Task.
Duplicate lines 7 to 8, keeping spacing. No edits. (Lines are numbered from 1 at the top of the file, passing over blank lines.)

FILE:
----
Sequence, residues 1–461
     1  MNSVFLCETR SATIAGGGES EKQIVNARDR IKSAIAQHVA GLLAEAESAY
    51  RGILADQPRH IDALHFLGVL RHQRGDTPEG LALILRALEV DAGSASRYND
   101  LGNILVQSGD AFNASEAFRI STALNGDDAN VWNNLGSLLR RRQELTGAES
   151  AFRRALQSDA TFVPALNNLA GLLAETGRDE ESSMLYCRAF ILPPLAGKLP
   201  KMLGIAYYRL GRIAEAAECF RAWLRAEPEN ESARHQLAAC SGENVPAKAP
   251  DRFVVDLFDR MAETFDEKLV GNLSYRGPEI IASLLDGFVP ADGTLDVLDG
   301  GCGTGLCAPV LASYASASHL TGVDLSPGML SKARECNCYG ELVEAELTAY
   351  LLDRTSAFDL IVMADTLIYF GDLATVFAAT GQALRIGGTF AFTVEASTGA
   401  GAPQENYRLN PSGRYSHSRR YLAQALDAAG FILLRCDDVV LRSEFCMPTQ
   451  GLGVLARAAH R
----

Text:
   251  DRFVVDLFDR MAETFDEKLV GNLSYRGPEI IASLLDGFVP ADGTLDVLDG
   301  GCGTGLCAPV LASYASASHL TGVDLSPGML SKARECNCYG ELVEAELTAY